Version 2.1

Running Tasks

You can execute short-lived workflows by running them as Tasks in Kf. Tasks are run under Apps, meaning each Task must have an associated App. Each Task execution uses the build arttifacts from the parent App. Because Tasks are short-lived, the App will not be deployed as a long-running application, and no routes should be created for the App or the Task.

Push an App for running Tasks

Navigate to the directory of the App manifest or source code and create an App for running Tasks with the kf push APP_NAME --task command. The --task flag indicates that the App is meant to be used for running Tasks, and thus no routes will be created on the App and it will not be deployed as a long-running application.

$ kf push helloworld --task

Confirm that no App instances or routes were created by listing the App.

$ kf apps
Listing Apps in Space: test-space
Name                     Instances  Memory  Disk  CPU   URLs
helloworld               stopped    1Gi     1Gi   100m  <nil>

Run Task on App

When you run a Task on the App, you can optionally specify a start command using the --command flag. If no start command is specified, it uses the start command specified on the App. If the App doesn't have a start command specified, it looks up the CMD configuration of the container image. A start command must exists in order to run Task successfully.

$ kf run-task helloworld --command "printenv"
Task helloworld-gd8dv is submitted successfully for execution.

The Task name is automatically generated in the Kubernetes API Server. It is prefixed with the App name and surfixed with an arbitrary string. The Task name is an unique identifier for Tasks within the same cluster.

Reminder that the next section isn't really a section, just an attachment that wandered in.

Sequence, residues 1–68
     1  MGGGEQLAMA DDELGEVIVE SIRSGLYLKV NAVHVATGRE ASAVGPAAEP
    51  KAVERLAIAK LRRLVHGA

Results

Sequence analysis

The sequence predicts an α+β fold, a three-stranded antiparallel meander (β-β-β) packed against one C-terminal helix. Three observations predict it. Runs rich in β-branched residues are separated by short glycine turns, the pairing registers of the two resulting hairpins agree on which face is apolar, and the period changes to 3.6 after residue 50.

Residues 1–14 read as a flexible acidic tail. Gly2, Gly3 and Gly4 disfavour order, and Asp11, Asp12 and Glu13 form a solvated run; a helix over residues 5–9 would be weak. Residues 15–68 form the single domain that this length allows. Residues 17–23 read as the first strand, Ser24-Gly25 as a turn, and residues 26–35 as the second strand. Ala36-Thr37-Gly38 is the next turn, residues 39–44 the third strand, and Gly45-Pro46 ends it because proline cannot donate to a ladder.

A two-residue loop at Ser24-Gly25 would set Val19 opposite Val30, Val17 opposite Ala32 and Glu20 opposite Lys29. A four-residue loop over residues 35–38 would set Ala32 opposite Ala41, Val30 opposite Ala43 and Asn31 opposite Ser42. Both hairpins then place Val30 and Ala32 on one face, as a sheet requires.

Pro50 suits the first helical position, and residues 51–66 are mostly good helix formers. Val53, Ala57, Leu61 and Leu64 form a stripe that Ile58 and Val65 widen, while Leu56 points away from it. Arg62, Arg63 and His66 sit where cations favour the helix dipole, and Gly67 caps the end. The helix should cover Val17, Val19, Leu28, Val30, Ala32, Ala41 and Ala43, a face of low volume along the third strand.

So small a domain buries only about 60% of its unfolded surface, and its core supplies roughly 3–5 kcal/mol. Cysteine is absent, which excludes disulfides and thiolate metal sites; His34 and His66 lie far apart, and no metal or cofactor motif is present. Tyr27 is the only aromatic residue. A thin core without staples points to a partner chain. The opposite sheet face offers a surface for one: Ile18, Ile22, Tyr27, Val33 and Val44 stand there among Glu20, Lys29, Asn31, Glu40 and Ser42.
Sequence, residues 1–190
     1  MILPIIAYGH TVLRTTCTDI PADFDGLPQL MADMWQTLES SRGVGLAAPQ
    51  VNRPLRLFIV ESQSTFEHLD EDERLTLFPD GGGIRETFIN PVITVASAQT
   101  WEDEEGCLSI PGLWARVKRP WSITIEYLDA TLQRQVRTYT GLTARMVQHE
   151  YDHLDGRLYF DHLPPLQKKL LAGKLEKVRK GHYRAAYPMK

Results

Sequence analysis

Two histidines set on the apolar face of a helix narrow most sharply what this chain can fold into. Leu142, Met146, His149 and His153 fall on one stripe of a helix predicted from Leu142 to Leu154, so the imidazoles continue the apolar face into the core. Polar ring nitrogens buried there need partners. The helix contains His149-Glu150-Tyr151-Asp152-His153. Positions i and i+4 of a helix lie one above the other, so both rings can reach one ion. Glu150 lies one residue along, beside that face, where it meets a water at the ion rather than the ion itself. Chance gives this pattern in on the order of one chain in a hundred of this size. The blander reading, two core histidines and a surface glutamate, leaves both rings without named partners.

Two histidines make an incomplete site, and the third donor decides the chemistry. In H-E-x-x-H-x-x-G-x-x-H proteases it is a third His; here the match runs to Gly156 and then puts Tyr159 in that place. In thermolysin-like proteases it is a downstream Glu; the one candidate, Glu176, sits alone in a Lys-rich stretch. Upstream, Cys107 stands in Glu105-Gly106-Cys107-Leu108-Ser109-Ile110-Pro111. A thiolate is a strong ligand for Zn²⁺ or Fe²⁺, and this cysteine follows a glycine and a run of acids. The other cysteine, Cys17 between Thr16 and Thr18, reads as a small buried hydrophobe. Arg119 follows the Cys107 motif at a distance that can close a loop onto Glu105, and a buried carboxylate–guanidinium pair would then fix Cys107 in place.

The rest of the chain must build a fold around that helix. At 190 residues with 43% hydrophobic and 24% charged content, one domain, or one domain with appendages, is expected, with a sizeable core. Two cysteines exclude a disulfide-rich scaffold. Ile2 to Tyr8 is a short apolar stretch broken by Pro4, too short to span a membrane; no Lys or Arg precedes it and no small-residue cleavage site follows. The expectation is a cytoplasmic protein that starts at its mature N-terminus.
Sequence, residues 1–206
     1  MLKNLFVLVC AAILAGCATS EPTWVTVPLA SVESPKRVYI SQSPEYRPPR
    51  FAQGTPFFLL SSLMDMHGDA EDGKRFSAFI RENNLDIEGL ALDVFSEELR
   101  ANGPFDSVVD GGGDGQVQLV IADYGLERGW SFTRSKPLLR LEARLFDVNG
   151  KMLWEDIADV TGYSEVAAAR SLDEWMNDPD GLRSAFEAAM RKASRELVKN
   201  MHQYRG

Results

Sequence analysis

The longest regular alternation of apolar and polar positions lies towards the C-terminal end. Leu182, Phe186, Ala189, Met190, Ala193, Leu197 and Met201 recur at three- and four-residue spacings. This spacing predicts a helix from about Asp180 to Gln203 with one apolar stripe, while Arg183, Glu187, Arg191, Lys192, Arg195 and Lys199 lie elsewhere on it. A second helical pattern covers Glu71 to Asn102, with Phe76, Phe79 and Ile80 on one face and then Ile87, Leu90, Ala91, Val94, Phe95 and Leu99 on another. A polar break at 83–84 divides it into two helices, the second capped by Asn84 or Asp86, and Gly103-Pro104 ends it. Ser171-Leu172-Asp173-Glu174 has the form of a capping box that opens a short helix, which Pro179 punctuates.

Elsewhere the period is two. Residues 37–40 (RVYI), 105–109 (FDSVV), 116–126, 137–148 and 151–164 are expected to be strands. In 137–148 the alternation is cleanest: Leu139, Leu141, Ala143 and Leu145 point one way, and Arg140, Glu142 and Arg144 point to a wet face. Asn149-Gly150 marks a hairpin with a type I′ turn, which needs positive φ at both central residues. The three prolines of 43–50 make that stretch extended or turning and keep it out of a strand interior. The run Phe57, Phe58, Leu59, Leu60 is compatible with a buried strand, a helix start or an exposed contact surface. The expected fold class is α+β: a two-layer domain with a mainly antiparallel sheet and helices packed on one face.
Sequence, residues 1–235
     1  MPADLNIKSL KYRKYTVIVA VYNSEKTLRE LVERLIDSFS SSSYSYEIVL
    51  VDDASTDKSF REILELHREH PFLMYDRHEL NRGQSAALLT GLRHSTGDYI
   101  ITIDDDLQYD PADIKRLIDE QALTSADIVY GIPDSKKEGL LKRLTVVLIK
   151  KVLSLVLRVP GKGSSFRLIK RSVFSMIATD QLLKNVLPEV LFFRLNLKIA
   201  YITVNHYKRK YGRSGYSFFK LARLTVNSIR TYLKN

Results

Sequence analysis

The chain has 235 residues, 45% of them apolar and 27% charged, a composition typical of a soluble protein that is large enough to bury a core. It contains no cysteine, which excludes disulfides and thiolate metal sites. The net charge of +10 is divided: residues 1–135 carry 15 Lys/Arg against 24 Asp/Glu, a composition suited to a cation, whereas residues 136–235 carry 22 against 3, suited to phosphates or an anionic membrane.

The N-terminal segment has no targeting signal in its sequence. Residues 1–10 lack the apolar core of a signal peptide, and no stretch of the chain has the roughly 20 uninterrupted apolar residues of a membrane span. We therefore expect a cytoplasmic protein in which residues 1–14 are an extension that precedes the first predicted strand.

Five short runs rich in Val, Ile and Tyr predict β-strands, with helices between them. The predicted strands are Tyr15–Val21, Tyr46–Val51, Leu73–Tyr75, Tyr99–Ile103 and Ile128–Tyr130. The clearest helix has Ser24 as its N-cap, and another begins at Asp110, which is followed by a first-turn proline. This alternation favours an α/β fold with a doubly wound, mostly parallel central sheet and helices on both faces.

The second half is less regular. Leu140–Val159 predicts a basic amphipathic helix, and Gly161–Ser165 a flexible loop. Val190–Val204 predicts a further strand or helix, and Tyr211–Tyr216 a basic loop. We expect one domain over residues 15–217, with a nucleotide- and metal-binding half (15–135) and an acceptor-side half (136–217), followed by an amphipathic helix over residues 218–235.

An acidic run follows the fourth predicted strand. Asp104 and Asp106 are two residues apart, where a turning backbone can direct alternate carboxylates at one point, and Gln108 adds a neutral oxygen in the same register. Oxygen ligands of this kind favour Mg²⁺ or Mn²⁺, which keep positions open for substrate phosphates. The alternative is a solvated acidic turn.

Specify Task resource limits

Resource limits (such as CPU cores/Memory limit/Disk quota) can be specified in the App (during kf push) or during the kf run-task command. The limits specified in the kf run-task command take prededence over the limits specified on the App.

To specify resource limits in an App, you can use the --cpu-cores, --memory-limit and --disk-quota flags in the kf push command.

$ kf push helloworld --command "printenv" --cpu-cores=0.5 --memory-limit=2G --disk-quota=5G --task

To override these limits in the App, you can use the --cpu-cores, --memory-limit and --disk-quota flags in the kf run-task command.

$ kf run-task helloworld --command "printenv" --cpu-cores=0.5 --memory-limit=2G --disk-quota=5G

Specify a custom display name for a Task

You can optionally use the --name flag to specify a custom display name for a Task for easier identification/grouping.

$ kf run-task helloworld --command "printenv" --name foo
Task helloworld-6swct is submitted successfully for execution.

$ kf tasks helloworld
Listing Tasks in Space: test space
Name              ID  DisplayName        Age    Duration  Succeeded  Reason
helloworld-6swct  3   foo                1m     21s       True       <nil>

Managing Tasks

View all Tasks of an App with the kf tasks APP_NAME command.

$ kf tasks helloworld
Listing Tasks in Space: test space
Name              ID  DisplayName        Age    Duration  Succeeded  Reason
helloworld-gd8dv  1   helloworld-gd8dv   1m     21s       True       <nil>

Cancel a Task

Cancel an active Task using the kf terminate-task command.

Cancel a Task by Task name.

$ kf terminate-task helloworld-6w6mz
Task "helloworld-6w6mz" is successfully submitted for termination

Or cancel a Task by APP_NAME + Task ID.

$ kf terminate-task helloworld 2
Task "helloworld-6w6mz" is successfully submitted for termination
  • Note: You can only cancel Tasks that are pending/running, completed Tasks are not cancellable.

Cancelled Tasks have PipelineRunCancelled status.

$ kf tasks helloworld
Listing Tasks in Space: test space
Name              ID  DisplayName        Age    Duration  Succeeded  Reason
helloworld-gd8dv  1   helloworld-gd8dv   1m     21s       True       <nil>
helloworld-6w6mz  2   helloworld-6w6mz   38s    11s       False      PipelineRunCancelled

View Task logs

View logs of a Task using the kf logs APP_NAME --task command.

$ kf logs helloworld --task